JERUSALEM (Dec. 8)
President Clinton’s visit to Israel and the Palestinian self-rule areas may save the faltering Wye agreement. But in doing so, it may also bring an end to Prime Minister Benjamin Netanyahu’s government.
Alternately, Clinton may find himself rebuffed by his Israeli hosts. And this treatment of Clinton may prove the salvation of Netanyahu’s battered and tottering regime.
But Wye will be dead.
These appeared to be the two most likely scenarios as hundreds of U.S. officials and security people descended on Jerusalem and the Gaza Strip this week to prepare for what was to be a historic odyssey by Clinton — but what threatens to become a strange and sad voyage.
The Israeli domestic stage was set Monday night when the Knesset, on the verge of voting no confidence in Netanyahu and ending his rule, resolved to give him a two-week respite.
The vote will now be held Dec. 21, several days after Clinton’s departure from the region.
If the hard-line right — which has made common cause with the Labor-led opposition — believes that the premier is going ahead with Wye, it will provide the votes to topple him.
If, on the other hand, the U.S. president is forced to leave empty-handed, with the Wye agreement effectively frozen and no further Israeli redeployment on the West Bank under way, then the hard-liners will relent and Netanyahu’s nationalist-religious coalition will live on — though Israel’s relations with Washington will presumably sink to a new low.
There is a third possibility, less likely — but more hopeful.
Netanyahu, trapped by the conflicting forces of his coalition and exhausted by his own indefatigable efforts to keep the coalition together, may use the president’s visit as a catalyst to create a broad-based government with the Labor Party.
According to some political insiders, a unity government is much less remote than either Likud or Labor, in their various public statements, would have us believe.
These sources hint at ongoing contacts between Netanyahu and Labor leader Ehud Barak, despite Barak’s purported rejection of all talk of unity.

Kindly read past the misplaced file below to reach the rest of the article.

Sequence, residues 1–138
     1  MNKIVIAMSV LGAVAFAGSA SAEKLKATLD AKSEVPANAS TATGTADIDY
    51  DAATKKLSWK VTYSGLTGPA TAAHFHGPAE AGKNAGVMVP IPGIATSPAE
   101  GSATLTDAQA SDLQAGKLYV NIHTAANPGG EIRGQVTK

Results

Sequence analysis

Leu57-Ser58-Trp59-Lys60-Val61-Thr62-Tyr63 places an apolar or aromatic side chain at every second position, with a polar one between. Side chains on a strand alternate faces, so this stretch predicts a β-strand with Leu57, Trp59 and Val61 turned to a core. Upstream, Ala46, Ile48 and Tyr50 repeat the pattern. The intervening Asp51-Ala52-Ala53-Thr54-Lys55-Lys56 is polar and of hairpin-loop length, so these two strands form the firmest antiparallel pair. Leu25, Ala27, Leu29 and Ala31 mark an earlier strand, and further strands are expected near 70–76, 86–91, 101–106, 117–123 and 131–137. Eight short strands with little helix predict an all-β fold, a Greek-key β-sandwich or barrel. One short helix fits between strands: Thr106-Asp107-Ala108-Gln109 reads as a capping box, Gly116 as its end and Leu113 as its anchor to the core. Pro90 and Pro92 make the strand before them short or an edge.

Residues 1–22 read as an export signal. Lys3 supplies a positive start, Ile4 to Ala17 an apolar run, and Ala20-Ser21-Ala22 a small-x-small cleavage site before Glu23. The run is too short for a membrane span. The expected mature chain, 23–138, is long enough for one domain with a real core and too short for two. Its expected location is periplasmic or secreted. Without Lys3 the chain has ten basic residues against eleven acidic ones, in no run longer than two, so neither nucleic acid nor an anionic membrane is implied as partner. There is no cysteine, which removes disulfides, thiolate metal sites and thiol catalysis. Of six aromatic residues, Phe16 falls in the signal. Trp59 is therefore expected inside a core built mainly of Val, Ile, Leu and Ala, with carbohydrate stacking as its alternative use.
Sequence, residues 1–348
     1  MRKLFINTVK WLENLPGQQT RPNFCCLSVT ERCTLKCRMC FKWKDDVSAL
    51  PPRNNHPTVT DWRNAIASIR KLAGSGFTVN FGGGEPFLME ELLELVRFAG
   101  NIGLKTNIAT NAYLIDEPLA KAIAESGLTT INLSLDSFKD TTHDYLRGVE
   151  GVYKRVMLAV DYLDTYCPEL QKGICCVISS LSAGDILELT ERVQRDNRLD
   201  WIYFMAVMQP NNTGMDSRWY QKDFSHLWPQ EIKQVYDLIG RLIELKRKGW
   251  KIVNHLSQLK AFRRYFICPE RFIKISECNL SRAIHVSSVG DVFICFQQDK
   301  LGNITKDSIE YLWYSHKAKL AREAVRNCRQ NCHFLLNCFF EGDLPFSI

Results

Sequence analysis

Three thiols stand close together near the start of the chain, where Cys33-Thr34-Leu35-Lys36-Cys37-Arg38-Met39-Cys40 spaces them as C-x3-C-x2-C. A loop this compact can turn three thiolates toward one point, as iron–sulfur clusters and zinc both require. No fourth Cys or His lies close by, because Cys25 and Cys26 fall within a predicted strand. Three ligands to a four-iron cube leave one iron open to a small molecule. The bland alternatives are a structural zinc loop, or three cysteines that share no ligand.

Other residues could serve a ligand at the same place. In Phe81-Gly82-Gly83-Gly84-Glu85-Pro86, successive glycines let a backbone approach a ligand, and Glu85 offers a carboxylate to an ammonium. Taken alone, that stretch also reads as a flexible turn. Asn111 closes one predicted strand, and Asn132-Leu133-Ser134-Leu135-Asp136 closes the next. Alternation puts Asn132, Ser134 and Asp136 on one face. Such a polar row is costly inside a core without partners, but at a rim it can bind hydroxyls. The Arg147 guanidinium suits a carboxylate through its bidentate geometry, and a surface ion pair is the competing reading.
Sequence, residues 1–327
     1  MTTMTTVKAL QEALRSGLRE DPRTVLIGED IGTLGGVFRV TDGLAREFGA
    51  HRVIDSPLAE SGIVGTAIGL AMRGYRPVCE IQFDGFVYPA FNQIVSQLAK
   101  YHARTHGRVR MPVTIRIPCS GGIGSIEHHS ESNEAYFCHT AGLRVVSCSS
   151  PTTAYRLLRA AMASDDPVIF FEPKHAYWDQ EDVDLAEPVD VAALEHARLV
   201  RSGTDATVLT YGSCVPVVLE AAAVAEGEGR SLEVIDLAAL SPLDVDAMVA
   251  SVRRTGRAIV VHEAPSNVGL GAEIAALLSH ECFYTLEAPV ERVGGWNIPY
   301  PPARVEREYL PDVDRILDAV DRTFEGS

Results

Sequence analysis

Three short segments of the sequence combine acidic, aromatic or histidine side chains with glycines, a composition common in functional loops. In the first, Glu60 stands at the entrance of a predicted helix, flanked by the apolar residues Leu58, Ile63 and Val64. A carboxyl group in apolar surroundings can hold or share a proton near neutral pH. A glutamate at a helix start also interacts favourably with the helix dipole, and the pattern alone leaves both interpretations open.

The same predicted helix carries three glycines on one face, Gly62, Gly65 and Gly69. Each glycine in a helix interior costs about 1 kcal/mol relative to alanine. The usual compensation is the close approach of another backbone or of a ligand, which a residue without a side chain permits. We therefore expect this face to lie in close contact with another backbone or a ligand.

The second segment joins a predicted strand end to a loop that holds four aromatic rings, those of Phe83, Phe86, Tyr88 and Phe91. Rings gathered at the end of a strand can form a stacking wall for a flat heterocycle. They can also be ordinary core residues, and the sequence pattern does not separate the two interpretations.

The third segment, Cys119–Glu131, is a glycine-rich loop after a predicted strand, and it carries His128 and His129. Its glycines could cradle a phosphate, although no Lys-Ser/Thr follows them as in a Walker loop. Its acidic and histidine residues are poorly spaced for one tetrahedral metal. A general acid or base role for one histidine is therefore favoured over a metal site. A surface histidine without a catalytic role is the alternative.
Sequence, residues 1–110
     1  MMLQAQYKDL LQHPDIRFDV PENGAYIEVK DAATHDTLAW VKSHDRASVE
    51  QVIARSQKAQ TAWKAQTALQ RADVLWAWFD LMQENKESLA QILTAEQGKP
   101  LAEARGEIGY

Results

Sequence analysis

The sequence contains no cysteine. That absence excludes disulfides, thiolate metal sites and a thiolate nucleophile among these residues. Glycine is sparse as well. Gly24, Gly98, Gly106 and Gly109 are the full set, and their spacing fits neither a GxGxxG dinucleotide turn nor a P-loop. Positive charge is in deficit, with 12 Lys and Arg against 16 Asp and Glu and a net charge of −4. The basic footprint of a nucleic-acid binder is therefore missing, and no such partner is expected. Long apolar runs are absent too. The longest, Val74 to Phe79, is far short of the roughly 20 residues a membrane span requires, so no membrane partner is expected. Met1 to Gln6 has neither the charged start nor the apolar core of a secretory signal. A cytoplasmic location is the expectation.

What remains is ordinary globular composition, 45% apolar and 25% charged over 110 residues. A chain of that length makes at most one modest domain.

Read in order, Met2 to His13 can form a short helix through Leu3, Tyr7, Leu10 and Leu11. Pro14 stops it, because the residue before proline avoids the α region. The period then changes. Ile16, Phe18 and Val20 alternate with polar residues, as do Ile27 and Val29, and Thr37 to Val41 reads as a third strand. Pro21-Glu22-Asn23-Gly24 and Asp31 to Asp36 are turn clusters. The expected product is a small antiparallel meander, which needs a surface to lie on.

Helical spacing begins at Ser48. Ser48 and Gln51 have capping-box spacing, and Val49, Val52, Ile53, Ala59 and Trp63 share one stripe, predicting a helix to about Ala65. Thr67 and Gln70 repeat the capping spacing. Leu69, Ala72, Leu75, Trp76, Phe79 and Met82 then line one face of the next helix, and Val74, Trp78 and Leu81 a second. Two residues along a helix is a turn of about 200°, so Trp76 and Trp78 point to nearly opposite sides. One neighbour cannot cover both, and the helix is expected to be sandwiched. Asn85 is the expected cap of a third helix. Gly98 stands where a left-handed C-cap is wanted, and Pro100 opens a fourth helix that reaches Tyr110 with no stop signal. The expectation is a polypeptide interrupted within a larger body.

They point to the still-potent influence of Labor’s former leader, Shimon Peres, who never tires of advocating unity as the only means for ensuring progress in the peace process.
They say that Netanyahu’s failed attempt this week to bring former Foreign Minister David Levy back into the coalition fold was in fact a first step toward creating a unity government.
Whichever of these scenarios eventually pans out, this much is already clear: Clinton’s mission to save the Israeli-Palestinian peace will be overshadowed to a large extent by the president’s sally into the heart of Israeli domestic politics.
There seems no escaping Henry Kissinger’s shrewd observation, made more than two decades ago, that Israel has no foreign policy — just domestic politics.
Presumably, the American president did not plan to find himself in the center of Israeli politics when he agreed to make the visit as part of the Wye agreement.
He and his advisers had anticipated that by this stage Wye would desperately need a direct dose of presidential diplomacy to keep Israel and the Palestinian Authority on track.
There is some dispute at this point as to whether Clinton or Israel suggested the visit. But during the Wye negotiations in late October, Netanyahu and his team of ministers were insistent that the Palestinians revoke the anti-Israel clauses in the Palestinian Covenant at a full-fledged session of the Palestine National Council, the PLO’s parliament-in-exile.